Skin cancer has a life-long exposure rate, so the best course of action is to take preventative measures as early in life as possible. Kidney transplant recipients are especially susceptible to skin cancer due to the immunosuppressant drugs they take to combat organ rejection.
Seeing a dermatologist regularly and learning to recognize abnormal spots on the body is crucial.
Limiting sun exposure during the summer can limit the risks but is difficult when there are so many fun summer activities to enjoy with your friends and family, especially on a holiday weekend. However, it is possible to be safe and still have fun in the sun, even for renal patients. Below are 10 sun safety tips to help make your summer even better:
- Bring sunscreen with a high Sun Protection Factor (SPF) and reapply throughout your outdoor stay. Remember, as you sweat, your sunscreen washes away.
- Make sure the sunscreen you have at home is fresh. Check the expiration date on the bottle!
- Put on your sunscreen before you arrive at the beach or park and reapply every two hours for best protection.
- Make sure you bring your own bottle. If you share with friends it could be gone when you need it.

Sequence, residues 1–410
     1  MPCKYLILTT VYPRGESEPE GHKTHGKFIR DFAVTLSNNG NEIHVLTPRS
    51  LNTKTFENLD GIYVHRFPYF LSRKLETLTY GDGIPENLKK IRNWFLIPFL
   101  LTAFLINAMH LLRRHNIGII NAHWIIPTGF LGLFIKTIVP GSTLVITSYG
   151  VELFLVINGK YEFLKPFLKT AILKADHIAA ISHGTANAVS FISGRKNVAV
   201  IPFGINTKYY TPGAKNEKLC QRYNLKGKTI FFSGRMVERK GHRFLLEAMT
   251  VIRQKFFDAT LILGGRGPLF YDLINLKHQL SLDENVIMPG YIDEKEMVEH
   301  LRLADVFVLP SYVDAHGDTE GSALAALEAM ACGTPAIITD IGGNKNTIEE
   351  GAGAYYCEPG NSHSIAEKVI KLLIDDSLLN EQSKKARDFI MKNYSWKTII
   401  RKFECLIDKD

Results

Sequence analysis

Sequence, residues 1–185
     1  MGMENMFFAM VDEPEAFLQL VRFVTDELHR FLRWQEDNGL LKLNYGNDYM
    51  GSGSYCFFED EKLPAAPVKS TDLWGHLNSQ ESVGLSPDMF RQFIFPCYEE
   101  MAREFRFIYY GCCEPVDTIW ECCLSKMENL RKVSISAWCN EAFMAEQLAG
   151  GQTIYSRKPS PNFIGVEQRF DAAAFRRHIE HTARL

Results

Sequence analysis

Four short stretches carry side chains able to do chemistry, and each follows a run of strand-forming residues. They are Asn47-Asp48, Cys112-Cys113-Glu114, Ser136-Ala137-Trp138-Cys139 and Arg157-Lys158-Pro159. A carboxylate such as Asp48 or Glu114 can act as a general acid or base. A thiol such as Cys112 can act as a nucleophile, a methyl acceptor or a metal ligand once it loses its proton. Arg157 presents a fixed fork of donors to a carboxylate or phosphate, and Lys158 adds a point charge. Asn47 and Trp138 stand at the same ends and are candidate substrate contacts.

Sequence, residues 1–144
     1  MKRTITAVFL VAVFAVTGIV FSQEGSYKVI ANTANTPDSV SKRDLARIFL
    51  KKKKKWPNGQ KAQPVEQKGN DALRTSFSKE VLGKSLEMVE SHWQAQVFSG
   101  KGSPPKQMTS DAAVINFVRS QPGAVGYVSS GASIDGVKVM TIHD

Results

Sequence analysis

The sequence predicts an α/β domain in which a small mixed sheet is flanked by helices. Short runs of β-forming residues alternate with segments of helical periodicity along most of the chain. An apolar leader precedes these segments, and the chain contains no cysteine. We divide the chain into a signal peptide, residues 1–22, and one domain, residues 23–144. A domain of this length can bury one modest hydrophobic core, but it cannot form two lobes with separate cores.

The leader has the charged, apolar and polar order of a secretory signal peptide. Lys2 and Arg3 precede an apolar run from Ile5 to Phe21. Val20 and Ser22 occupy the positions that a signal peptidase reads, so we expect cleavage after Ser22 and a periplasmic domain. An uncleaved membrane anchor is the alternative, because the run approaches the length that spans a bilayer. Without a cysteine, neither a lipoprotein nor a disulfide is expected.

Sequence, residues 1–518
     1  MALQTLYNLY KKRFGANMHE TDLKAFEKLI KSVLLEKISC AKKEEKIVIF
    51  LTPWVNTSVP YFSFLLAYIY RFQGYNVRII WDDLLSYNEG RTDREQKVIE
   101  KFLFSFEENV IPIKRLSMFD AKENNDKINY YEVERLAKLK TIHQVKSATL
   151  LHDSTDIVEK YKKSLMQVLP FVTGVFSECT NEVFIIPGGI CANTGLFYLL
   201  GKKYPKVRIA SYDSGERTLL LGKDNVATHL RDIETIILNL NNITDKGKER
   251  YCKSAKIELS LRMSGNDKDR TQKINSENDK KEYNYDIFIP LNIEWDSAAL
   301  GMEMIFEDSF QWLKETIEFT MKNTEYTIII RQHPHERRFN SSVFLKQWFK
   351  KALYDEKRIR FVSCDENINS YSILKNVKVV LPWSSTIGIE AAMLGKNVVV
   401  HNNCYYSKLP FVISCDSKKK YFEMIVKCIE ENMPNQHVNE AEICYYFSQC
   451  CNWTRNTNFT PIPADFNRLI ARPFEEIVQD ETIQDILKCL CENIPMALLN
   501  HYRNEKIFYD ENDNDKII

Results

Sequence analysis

- Wear a pair of sunglasses with a high UV rating (99-100%).
- Be mindful of what time of day you lay in the sun, as UV radiation is strongest at midday and reflects off water and sand.
- Wear a hat with a brim!
- Lightweight summer fabrics are often ineffective against the sun, so be sure to wear sun-protective labeled clothing while at the beach.
- If you have sunburn, Tylenol or aloe products are safe treatments. Be advised other over-the-counter medications including Ibuprofin, Advil, Aleve, and Motrin should NOT be taken by renal patients. Additionally, some prescriptions can affect sun exposure consequences (like immunosuppressants). Consult with your doctor for personalized details.
- Lastly, if you can, find a spot in the shade or create your own by using a beach umbrella.